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|Don Lemon Reveals The Sad Reality About Trump's Alleged ‘N-Word’ Tape
Former White House aide and reality TV star Omarosa Manigault Newman claims
POSTED AUGUST 15, 2018 3:42 AM
|Masterpiece Cakeshop Owner Sues Colorado After Refusing To Bake Trans Woman's Cake
Months after winning a Supreme Court case over his refusal to make a wedding
POSTED AUGUST 15, 2018 3:10 PM
|10 pieces to pack if you're planning a trip within your trip under $50
From cross-country road trips to intercontinental excursions, it’s not out of
POSTED AUGUST 15, 2018 6:01 AM
|Satanic Temple's Baphomet Raises Hell Over Religious Freedom In Arkansas
Members and supporters of the Satanic Temple wheeled a statue of winged, goat-
POSTED AUGUST 16, 2018 9:24 PM
|Rising sea levels threatens coastal cities with more tsunamis, scientists warn
Tsunamis will become more common and more ferocious with global warming, scientists have warned after a study found that global sea level rises will increase the risk of coastal cities being wiped out. Smaller earthquakes that currently pose no serious tsunami threat could unleash waves capable of inundating coastal cities, researchers found in a study focusing on the city of Macau in China. Currently it is considered safe from tsunamis, despite lying within a major earthquake zone. At today's sea level, it would take a very powerful earthquake tipping past magnitude 8.8 to cause widespread tsunami flooding in Macau. But a half-metre rise in sea level - predicted to occur in the region by 2060 - could more than double the chances of a huge tsunami swamping the territory, according to the research. A three-foot sea level rise, expected by 2100, would increase the risk up to 4.7 times. The source of the earthquake danger is the Manila Trench, a massive crack in the floor of the South China Sea formed by the collision of two tectonic plates. It has generated numerous earthquakes, though none larger than magnitude 7.8 since the 1560s. A modest rise in sea levels would greatly amplify the tsunami threat from smaller earthquakes, the computer simulation study showed. Cities most prone to natural disaster Lead researcher Dr Robert Weiss, from Virginia Polytechnic Institute and State University (Virginia Tech) in the US, said: "Our research shows that sea-level rise can significantly increase the tsunami hazard, which means that smaller tsunamis in the future can have the same adverse impacts as big tsunamis would today. "The South China Sea is an excellent starting point for such a study because it is an ocean with rapid sea-level rise and also the location of many mega cities with significant worldwide consequences if impacted." The team's findings are reported in the journal Science Advances.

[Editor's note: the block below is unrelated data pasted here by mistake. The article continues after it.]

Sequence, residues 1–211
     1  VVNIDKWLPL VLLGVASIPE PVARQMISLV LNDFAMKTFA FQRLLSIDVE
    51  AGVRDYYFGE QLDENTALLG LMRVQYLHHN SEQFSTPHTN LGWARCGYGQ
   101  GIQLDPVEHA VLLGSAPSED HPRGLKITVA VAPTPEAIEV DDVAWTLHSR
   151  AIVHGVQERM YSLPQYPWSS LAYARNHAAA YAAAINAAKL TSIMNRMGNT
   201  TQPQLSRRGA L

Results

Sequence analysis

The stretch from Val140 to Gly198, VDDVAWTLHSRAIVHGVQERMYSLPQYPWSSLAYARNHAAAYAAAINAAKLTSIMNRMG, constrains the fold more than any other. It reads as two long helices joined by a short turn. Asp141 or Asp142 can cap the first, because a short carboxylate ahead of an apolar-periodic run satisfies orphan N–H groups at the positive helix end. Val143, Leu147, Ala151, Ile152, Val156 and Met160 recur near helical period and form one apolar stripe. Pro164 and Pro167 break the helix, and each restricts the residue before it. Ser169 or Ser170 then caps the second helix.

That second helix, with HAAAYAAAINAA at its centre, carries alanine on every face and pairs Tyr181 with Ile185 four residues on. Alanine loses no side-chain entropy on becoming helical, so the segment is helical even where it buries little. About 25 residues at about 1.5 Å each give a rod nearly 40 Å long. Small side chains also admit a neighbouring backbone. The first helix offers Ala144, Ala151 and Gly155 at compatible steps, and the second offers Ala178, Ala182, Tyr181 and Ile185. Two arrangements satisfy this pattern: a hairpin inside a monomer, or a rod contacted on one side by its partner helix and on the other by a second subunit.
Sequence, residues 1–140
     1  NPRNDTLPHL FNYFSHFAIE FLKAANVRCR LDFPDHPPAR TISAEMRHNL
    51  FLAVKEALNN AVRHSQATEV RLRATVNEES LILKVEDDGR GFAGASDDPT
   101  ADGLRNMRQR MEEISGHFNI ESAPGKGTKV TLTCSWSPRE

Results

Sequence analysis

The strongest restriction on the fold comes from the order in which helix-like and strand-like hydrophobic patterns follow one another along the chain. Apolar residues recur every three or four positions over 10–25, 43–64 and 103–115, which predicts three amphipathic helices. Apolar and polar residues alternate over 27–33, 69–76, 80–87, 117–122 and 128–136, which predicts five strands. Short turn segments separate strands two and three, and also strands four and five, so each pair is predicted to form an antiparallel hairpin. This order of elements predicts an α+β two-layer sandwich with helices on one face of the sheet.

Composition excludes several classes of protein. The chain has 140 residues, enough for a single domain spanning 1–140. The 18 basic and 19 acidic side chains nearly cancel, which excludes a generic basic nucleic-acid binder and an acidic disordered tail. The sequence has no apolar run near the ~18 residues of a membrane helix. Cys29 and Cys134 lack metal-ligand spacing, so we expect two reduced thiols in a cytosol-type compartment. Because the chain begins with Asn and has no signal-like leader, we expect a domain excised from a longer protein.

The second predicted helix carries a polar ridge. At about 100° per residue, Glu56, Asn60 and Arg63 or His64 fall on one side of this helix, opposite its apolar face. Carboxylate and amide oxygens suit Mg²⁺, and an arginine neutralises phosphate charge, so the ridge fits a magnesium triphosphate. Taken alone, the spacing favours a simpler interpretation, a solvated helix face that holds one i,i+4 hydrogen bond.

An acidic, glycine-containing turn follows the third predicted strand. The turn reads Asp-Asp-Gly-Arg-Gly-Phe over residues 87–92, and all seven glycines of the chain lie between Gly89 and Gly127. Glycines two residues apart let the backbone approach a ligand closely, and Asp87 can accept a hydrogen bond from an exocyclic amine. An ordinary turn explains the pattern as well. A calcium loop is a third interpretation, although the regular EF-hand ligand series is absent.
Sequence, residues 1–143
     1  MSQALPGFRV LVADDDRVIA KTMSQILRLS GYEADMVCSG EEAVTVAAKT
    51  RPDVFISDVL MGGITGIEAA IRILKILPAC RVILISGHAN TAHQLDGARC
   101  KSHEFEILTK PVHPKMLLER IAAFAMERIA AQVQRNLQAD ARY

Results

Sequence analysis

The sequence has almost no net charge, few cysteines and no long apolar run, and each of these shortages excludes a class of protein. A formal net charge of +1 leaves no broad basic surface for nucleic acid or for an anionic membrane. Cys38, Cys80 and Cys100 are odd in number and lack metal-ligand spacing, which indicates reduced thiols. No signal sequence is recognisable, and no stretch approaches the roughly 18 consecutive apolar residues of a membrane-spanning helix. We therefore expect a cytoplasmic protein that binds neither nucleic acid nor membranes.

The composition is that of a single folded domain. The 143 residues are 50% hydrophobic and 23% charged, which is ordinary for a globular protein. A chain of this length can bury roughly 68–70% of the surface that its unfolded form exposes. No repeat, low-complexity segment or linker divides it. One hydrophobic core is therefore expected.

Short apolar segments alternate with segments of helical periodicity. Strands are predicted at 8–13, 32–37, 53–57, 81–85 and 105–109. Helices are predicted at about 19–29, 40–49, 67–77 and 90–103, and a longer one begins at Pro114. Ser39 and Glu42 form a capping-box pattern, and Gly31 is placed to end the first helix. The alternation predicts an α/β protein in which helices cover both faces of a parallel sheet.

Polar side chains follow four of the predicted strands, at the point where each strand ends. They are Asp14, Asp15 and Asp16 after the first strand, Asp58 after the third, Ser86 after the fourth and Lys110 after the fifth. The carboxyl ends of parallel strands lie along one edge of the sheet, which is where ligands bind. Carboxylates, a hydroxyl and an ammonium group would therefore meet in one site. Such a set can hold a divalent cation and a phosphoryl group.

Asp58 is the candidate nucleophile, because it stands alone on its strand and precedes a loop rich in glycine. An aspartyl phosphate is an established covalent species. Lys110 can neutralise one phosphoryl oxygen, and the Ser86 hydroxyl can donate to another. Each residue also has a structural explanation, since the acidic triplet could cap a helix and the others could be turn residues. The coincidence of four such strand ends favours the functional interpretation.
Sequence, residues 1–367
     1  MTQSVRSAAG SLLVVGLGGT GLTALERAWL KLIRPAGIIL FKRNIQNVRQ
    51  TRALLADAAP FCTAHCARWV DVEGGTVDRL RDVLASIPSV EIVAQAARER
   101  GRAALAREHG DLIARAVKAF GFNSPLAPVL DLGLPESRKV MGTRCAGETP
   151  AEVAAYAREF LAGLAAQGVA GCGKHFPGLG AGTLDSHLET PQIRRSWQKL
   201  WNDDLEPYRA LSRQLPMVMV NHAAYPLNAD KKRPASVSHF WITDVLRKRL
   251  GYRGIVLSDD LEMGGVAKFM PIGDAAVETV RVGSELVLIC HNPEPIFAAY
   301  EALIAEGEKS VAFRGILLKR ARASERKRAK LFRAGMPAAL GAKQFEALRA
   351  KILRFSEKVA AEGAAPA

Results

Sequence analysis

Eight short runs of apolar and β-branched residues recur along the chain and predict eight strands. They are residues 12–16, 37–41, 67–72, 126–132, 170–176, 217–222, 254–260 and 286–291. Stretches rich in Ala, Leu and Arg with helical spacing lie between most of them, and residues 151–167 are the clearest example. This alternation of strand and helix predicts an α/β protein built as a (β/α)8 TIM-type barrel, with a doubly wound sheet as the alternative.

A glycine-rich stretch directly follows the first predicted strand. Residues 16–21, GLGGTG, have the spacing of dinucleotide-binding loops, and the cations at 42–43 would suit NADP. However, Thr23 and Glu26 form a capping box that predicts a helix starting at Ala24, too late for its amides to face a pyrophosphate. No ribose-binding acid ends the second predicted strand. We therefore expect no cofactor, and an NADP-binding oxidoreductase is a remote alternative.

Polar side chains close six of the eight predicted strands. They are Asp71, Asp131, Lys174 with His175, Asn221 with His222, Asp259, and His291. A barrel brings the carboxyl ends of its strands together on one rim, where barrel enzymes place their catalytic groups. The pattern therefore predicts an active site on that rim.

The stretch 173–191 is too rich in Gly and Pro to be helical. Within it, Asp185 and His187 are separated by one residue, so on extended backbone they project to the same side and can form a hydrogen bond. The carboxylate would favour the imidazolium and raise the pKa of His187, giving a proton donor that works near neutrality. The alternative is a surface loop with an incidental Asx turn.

POSTED AUGUST 16, 2018 1:00 AM
|Judge threatened over granting bail for suspects in New Mexico compound case
The courthouse was locked down after a backlash against the judge's decision culminated in threats.
POSTED AUGUST 15, 2018 2:06 PM
|Subaru Ascent Owners Will Get New Cars in Recall
Subaru replaces nearly 300 cars that have compromised frames.
POSTED AUGUST 15, 2018 2:23 PM
|Taiwan company bows to China after boycott threat
A Taiwanese coffee chain has become the latest business to bow to pressure from Beijing after Chinese web users threatened a boycott over a visit to one of its stores by the island's president. Tsai Ing-wen stopped off at a Los Angeles branch of the 85C Bakery Cafe this week during a US stopover in which she became the first Taiwanese leader to give a public speech on American soil in 15 years. Taiwan is a self-ruled democracy that considers itself a sovereign state but has never declared formal independence.
POSTED AUGUST 15, 2018 6:57 AM
|ICE takes into custody defendant in New Mexico compound case
TAOS, N.M. (AP) — A judge's decision to allow the release of an extended family accused of child abuse at a ramshackle desert compound in New Mexico prompted a political uproar Tuesday by prominent Republican lawmakers.
POSTED AUGUST 15, 2018 2:21 AM
|Trump revokes security clearance of former CIA director who has criticized the White House
White House press secretary Sarah Sanders began her briefing on Wednesday by reading a statement from President Trump announcing his decision to revoke the security clearance of former CIA Director John Brennan, a prominent critic of the current administration. The statement went on to list other current and former officials whose clearances would be under review.
POSTED AUGUST 15, 2018 5:38 PM